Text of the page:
Black Men vs Mass Incarceration
Charles X. Cook (far left) receiving an award from the African-American Leadership Association
A few months ago, I interviewed Charles X. Cook, owner of One on One Personal Fitness, for the GAME CHANGERS PROJECT. Charles tells the story of how he went from a highly recruited High School basketball player, to drug dealer, to federal prisoner for 17 years, to now the owner and operator of his own gym.
Charles’ story of incarceration is all too familiar in our community, where one in three black men can expect to go to prison in their lifetime, yet his story of redemption is inspirational. His gym One on One Personal Fitness, just moved into a larger location, and recently held a fitness boot camp fundraiser to assist the Team Maliyah campaign. Maliyah Jones, two years old, has stage 4 Neuroblastoma cancer. So if you’re looking for a place to get in shape, go to One on One Personal Fitness.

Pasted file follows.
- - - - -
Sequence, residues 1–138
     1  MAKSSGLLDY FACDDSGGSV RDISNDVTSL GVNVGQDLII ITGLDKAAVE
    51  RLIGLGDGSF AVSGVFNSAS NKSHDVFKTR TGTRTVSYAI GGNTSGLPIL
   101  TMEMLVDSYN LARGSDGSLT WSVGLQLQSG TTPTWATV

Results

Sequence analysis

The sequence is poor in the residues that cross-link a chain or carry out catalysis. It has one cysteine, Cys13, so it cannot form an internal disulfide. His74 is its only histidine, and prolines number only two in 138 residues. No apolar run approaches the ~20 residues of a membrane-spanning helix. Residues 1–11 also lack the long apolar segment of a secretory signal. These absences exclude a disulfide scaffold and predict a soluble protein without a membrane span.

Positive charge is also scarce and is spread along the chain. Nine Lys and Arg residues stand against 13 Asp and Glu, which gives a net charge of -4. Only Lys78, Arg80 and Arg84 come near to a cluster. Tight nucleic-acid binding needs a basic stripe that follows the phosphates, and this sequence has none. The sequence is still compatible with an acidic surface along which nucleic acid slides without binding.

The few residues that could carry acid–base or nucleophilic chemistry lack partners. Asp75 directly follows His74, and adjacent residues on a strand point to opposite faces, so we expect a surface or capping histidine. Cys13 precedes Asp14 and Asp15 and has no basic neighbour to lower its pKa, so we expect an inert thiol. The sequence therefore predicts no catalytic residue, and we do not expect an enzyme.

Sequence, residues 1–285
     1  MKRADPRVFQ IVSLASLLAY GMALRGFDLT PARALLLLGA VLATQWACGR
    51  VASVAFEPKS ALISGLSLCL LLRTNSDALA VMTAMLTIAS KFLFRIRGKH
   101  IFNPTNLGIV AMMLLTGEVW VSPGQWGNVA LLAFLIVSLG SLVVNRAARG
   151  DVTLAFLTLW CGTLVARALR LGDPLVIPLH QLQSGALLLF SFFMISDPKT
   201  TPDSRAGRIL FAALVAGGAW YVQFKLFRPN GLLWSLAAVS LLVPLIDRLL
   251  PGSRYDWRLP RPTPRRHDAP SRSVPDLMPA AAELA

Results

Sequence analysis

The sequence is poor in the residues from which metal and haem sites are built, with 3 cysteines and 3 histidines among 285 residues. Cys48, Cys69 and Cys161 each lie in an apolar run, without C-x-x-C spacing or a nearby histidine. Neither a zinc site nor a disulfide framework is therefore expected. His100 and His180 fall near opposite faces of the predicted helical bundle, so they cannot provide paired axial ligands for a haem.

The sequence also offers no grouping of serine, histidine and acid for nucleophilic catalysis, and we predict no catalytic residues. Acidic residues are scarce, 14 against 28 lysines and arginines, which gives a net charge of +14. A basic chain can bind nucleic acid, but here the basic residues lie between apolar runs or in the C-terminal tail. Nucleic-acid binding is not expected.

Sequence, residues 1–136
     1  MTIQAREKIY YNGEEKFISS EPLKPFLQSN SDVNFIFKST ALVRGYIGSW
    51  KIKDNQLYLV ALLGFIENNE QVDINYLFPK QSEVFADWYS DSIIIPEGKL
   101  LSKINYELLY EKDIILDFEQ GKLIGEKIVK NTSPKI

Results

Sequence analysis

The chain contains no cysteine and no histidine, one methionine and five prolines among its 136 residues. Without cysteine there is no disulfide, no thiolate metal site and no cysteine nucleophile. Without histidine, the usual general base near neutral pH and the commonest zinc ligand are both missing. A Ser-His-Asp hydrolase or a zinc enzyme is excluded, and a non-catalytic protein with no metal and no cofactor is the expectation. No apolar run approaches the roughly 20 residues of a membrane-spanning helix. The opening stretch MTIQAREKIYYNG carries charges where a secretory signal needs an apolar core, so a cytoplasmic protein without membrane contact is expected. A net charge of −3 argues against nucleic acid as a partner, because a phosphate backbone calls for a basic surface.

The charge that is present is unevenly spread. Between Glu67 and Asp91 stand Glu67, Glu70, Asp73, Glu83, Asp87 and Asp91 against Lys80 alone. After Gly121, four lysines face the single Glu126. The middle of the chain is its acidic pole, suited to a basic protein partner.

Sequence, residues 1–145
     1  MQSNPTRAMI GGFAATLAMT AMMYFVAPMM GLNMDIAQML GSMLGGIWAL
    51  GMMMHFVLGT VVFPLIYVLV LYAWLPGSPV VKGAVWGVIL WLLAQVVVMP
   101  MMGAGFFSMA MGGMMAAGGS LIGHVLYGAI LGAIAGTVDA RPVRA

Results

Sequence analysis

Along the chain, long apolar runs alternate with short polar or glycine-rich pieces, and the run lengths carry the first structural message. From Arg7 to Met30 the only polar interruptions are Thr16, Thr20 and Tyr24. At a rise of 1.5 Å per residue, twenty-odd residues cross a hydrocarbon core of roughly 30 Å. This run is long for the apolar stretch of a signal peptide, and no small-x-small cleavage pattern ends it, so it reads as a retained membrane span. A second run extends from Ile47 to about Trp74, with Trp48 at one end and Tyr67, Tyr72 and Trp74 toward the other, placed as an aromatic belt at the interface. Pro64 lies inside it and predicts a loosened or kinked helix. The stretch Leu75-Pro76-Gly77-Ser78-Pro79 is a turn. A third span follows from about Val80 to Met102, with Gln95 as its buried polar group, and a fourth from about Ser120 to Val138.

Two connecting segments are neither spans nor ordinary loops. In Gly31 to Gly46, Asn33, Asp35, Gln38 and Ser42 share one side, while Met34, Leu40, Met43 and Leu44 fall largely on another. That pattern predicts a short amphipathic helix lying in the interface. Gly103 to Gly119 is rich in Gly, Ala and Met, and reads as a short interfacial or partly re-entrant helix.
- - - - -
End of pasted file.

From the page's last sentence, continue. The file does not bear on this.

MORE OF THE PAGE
On Saturday, January 19th, I’ll be doing a special performance spotlighting the plight of longtime wrongly held political prisoners, many of whom were members of the Black Panther Party. The performance will be a part of the 17th Annual Dinner Tribute to Black Prisoners and their Families organized by the Malcolm X Commemoration Committee. It will take place at the Martin Luther King Labor Center, 310 West 43rd Street, near 8th Avenue. It will take place from 3-7pm with dinner served promptly at 4pm. The theme for this year’s dinner tribute is ‘Transforming Solidarity: Working Together To End Political Imprisonment and Mass Incarceration.’